Otherwise, my “study” isn’t the least bit brown, except in the literal sense. The stone of my studio walls is every shade of neutral (all three primaries combined to create brown) , from cream to umber. On a high overcast day like today it is rich without being colourful; when the sun shines, it is both. Second brown study case in point: last week the art group had a workshop with Kelly McNeil, the outstanding wildlife painter. One of the many things I love about Kelly’s work is her use of colour. Pandas are black and deep, almost orangey, cream; her tigers have blushes of pink here and there; golden retrievers, often soaking from a dip, reflect blues. Looking at her work was the inspiration I needed to get back to mine.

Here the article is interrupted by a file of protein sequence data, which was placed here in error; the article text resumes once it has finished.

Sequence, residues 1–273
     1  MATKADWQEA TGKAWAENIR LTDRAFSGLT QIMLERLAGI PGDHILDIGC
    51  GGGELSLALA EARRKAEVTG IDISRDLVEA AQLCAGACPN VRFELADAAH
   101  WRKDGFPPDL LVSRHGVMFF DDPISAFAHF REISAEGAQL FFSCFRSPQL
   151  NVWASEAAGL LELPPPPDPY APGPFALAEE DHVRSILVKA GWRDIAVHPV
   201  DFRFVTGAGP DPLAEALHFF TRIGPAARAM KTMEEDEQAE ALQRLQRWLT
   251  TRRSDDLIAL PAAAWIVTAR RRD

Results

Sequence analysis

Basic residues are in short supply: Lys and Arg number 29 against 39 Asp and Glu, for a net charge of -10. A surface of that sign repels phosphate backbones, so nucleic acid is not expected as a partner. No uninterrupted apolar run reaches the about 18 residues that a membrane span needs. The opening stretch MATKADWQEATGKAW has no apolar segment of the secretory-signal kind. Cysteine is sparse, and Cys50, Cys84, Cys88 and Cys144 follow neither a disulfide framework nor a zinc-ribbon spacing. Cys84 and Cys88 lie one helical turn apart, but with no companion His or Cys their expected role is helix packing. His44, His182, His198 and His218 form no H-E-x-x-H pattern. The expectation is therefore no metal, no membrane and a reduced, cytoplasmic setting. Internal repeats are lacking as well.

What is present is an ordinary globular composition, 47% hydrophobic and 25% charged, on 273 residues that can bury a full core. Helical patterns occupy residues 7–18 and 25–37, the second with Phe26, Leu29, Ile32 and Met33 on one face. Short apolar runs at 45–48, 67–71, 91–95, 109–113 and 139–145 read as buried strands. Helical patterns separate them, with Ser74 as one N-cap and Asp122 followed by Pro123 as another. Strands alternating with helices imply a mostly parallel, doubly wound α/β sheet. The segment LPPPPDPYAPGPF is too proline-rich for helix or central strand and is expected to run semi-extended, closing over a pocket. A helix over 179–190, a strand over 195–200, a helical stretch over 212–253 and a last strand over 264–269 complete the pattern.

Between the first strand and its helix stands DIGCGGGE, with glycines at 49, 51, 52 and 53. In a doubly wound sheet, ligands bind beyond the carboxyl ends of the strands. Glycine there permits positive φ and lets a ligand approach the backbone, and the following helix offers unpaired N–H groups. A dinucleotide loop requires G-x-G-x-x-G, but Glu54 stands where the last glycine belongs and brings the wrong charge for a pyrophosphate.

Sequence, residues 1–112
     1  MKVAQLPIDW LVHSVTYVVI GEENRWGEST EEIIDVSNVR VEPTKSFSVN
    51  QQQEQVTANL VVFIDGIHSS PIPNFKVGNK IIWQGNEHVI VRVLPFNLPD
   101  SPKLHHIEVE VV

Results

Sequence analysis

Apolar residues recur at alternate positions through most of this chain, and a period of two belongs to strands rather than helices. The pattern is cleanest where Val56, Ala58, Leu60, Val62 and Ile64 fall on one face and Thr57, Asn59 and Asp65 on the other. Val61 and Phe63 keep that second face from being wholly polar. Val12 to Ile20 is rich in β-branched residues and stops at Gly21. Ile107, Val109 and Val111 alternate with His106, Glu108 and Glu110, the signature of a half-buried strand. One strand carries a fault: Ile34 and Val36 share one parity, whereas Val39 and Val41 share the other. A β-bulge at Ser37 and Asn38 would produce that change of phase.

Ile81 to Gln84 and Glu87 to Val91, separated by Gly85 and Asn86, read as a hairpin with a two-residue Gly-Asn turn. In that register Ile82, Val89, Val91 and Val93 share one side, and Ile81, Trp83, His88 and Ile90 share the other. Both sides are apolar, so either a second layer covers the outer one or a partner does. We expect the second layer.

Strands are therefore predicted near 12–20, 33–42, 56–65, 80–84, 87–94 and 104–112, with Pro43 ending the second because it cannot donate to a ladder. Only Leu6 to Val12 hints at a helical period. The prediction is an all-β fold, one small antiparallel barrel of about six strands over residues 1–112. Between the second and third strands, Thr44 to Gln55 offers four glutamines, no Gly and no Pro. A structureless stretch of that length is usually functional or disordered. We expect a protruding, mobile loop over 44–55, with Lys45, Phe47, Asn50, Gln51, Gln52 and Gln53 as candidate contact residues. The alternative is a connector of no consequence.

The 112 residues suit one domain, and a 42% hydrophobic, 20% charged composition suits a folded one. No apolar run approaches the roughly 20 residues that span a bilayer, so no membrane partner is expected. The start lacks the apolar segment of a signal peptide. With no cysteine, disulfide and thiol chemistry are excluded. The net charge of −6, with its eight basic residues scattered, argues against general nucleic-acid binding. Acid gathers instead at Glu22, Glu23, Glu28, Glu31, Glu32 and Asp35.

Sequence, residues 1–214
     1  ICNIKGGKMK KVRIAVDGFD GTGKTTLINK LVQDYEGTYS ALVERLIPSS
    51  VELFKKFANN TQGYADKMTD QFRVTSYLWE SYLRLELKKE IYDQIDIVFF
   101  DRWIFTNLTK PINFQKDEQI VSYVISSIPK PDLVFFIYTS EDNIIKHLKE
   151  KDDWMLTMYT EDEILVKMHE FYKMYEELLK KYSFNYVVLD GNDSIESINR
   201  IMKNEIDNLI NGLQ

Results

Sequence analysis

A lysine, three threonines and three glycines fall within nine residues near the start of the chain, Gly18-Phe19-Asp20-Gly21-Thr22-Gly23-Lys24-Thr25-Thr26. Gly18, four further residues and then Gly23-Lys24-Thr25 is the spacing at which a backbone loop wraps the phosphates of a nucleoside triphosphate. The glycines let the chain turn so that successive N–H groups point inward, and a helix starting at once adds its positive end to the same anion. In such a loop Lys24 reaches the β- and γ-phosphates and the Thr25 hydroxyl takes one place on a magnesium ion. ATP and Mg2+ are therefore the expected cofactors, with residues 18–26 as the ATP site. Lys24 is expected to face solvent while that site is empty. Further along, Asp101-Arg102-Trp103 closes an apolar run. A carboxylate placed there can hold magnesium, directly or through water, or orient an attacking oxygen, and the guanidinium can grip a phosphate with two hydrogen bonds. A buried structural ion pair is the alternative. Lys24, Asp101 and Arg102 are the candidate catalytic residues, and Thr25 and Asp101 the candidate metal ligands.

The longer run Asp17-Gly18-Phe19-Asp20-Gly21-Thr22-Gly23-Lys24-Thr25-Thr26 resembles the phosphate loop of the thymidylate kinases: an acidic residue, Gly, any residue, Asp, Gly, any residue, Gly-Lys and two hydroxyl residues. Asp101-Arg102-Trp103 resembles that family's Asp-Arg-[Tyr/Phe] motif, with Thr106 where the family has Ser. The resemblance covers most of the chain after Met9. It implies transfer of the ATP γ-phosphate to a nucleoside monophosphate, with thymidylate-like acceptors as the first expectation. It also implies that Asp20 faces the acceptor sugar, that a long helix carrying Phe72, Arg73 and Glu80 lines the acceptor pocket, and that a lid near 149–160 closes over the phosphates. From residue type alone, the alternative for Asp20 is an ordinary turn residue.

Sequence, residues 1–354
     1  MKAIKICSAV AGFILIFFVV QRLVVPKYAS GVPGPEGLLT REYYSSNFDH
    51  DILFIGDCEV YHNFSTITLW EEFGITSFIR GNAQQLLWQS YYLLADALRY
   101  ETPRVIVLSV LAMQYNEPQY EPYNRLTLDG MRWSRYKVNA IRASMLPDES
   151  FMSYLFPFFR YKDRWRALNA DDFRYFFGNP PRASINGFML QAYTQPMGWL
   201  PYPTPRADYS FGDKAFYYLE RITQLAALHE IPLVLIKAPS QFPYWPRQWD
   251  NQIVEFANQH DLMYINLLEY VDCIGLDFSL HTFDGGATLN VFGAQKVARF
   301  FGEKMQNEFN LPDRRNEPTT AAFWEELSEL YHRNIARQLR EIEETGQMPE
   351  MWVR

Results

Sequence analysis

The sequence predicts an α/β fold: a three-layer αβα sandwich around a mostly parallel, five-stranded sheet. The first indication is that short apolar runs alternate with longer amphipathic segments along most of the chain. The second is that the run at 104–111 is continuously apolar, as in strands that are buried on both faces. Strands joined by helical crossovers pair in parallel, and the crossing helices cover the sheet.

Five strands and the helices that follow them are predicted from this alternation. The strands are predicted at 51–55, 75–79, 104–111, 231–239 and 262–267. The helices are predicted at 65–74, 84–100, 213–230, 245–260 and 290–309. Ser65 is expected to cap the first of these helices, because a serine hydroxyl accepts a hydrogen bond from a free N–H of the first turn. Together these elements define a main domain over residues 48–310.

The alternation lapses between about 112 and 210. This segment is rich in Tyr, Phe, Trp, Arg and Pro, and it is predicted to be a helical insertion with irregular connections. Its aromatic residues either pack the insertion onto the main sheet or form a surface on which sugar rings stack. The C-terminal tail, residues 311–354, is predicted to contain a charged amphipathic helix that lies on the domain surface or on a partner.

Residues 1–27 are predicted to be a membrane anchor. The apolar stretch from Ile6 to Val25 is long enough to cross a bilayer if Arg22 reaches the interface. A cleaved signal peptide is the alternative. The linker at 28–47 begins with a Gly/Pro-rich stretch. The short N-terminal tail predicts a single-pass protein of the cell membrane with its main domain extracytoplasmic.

Feeling like painting a cat, I trolled through all of my digitals of the late, lamented Legs until I found a few that could be combined to show him from the back, a pose which highlighted the grace of his curving spine and cascading tiger stripes. It reminded me of Ingres’ La Grande Baigneuse, in which the model’s gorgeous naked back is the star of the show. I decided to use a wood panel and transparent gesso and to begin with a value study in burnt umber and white. As happens rather often, I came to a screeching halt, having realized that the sepia-tone could stand on its own. I once made the mistake of finishing a value study of Jon; he was horrified, I discovered, but there was no going back four layers. Lesson learned. Legs will remain a study in brown. Until I change my mind.